CHARLES HENDRIX, MICHAEL DUNN'S NEIGHBOR: All I can say is, what you see in public is not necessarily what you get behind closed doors.

BERMAN: And behind closed doors, what do you get?

HENDRIX: From my perspective, egotistical and arrogant individual. He was always right and smarter than everybody else.

BERMAN: So when you learned that Michael Dunn had been arrested for shooting and killing Jordan Davis, were you surprised?

HENDRIX: No, sir, I was not.

BERMAN: Because?

HENDRIX: His superior-than-thou attitude and my personal experience with him trying to convince me I was wrong when I knew I was right, and how infuriated he'd get if you didn't agree with him. He could be pretty intense.

BERMAN: Pretty intense.

So, John, do you think it might have made a difference if the jury was able to hear from Chuck, from neighbors like this who offer a different account of Michael Dunn?

PHILLIPS: We believe show. And I addressed this in the defamation lawsuit and into documentary film making that's being done on Jordan Davis' life. And got to see more of the Michael Dunn in that missing period. You know, the witnesses that testified were his father's friends or some that he had only seen three times in 15 years.

And we all have to ask ourselves, if we were on trial for murder, it wouldn't happen to average people, but if we were on trial for murder, wouldn't we have better friends than that, and there's that gap missing with Michael Dunn, and witnesses like Mr. Hendrix helped fill that gap.

And we need them to come forward and tell their sides of the story so that this family can get justice, that you can't victimize the victim by calling him a thug. And Michael Dunn is this, you know, Caucasian businessman and that gives him the benefit of the doubt.

BERMAN: And, Chuck, again, you say the Michael Dunn you know is different than the one the jury saw. You say there were times where Dunn's ex-wives came over to your house and they talked to you about violent incidents inside their house. What did they tell you?

HENDRIX: He was beating on them. Both of them at one time or another had come to my house and said that he had put his gun to their head and threatened to blow their brains out. Now like I said, in both the interview with Jacksonville sheriff's department and for the documentary I stated quite emphatically I never witnessed it, but they came to me complaining about it.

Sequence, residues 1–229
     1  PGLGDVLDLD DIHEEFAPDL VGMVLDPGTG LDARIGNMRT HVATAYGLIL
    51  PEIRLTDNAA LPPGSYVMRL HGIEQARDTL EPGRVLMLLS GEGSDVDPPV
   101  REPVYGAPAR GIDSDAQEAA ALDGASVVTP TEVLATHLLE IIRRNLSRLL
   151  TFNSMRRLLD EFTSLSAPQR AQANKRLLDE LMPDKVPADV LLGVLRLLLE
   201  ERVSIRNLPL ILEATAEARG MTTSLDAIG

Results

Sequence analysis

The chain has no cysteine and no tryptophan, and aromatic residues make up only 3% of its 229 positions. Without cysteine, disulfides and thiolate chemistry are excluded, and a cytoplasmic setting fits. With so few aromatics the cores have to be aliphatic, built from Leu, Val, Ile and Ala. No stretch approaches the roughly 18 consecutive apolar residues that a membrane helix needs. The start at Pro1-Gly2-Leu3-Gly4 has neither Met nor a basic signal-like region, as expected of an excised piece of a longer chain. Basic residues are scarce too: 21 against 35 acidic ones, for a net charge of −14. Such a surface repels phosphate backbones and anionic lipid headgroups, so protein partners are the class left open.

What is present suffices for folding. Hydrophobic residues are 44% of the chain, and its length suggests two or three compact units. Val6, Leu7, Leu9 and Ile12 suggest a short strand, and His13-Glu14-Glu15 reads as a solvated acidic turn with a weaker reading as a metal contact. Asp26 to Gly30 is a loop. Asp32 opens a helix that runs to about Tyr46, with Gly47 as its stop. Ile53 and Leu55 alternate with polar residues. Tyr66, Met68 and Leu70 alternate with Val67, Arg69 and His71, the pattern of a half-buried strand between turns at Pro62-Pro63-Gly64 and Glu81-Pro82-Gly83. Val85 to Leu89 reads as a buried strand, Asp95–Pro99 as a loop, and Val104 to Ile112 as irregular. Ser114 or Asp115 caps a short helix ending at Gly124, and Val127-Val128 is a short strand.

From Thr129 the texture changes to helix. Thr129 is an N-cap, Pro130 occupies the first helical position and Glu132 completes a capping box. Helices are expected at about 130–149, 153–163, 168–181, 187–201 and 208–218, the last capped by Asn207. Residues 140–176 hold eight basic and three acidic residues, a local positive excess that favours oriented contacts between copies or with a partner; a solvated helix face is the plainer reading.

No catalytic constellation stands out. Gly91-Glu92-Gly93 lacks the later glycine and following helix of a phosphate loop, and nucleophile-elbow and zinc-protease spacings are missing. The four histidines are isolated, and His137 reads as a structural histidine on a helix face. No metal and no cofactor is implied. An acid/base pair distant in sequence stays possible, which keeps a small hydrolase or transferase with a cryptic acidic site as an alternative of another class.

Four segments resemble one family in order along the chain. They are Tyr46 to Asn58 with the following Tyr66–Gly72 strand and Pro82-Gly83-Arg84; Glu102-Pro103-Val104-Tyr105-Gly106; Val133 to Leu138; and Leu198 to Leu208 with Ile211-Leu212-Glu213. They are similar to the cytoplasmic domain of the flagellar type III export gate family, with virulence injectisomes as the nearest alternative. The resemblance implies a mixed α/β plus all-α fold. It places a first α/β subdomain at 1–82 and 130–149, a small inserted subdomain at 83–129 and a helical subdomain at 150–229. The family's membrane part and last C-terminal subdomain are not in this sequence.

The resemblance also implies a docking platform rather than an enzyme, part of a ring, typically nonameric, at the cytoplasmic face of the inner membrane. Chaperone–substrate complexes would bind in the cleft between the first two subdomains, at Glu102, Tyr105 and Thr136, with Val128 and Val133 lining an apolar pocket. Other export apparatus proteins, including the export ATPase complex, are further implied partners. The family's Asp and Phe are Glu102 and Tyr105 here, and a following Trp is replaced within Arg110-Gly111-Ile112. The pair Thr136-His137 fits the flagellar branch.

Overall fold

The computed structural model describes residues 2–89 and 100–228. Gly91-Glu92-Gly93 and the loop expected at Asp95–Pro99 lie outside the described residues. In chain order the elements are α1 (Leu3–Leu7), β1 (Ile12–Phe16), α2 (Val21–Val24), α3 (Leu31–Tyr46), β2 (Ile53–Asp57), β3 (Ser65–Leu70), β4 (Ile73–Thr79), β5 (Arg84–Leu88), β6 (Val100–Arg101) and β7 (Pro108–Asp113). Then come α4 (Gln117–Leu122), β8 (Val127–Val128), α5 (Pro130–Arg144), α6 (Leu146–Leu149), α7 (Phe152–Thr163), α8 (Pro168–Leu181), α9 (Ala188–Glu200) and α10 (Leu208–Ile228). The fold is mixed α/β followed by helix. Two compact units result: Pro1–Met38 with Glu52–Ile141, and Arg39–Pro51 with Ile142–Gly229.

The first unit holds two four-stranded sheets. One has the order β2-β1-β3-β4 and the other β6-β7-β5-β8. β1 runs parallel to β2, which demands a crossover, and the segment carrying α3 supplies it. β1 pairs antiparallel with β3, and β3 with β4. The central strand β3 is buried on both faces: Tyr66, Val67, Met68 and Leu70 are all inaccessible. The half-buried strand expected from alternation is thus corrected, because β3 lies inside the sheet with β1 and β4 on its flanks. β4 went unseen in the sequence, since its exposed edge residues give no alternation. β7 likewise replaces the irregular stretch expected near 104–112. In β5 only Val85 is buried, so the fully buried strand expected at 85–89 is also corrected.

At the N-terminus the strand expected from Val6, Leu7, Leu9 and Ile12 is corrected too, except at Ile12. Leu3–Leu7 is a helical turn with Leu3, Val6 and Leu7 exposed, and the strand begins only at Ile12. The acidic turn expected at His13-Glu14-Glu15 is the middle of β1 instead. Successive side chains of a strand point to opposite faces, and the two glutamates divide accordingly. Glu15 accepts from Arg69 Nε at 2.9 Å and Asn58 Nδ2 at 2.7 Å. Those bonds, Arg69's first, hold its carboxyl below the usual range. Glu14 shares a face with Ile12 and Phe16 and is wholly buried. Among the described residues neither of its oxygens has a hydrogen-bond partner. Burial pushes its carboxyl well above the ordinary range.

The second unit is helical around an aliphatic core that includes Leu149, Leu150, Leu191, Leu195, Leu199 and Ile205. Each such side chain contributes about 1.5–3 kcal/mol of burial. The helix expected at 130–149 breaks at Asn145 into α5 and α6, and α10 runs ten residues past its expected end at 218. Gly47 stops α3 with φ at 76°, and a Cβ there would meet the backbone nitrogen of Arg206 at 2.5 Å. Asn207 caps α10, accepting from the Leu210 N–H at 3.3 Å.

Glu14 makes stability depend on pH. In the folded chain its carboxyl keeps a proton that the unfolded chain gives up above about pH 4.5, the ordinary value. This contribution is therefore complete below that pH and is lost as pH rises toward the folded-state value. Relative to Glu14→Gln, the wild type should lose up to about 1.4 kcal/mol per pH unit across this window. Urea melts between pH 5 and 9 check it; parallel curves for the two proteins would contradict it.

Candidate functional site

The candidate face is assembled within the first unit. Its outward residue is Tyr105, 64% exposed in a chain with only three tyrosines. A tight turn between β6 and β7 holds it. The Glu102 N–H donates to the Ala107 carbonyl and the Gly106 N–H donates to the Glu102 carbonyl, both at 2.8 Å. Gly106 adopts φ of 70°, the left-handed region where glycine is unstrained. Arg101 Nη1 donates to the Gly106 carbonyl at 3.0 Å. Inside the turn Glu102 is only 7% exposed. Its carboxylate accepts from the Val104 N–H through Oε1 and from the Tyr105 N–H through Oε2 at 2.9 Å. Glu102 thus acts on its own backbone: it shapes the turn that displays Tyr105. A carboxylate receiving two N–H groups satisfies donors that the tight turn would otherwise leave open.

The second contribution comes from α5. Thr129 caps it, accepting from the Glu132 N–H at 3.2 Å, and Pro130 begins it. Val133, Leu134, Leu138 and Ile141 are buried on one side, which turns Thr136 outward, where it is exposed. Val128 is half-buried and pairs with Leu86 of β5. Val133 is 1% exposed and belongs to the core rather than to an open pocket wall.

BERMAN: All right. John Phillips, Chuck Hendrix, thank you so much for talking to us. Appreciate it.

PHILLIPS: Thank you very much.

HENDRIX: Thank you.

BERMAN: All right, turning now to our "Equal Justice" panel. Attorney and children's advocate Areva Martin, former federal prosecutor Jeffrey Toobin, also criminal defense attorneys Mark Geragos and Mark O'Mara. Mr. O'Mara successfully defended George Zimmerman in the Trayvon Martin killing.

Jeffrey, I do have to start with you because we just did hear from that neighbor of Michael Dunn who made some claims, saying that Michael Dunn, a violent man. He said he's seen evidence that he beat his ex-wives.

We never heard this type of evidence on the stand in this trial. But there's a reason for that?

JEFFREY TOOBIN, CNN SENIOR LEGAL ANALYST: Right. I don't think any of that evidence would be admissible. When you have a criminal trial, you can't put on a witness to say that the defendant is simply a bad guy, egotistical or whatever the phrase he used. That's just not considered relevant evidence to the precise facts before the jury.

And also, the most inflammatory thing he said about the alleged use of the gun against these women, that would also probably be irrelevant, but it was also hearsay. He didn't see it, so I don't see any way he would be allowed to testify with that. Yes.

BERMAN: I just want to get that out because it does color the discussion now as we look at what happened.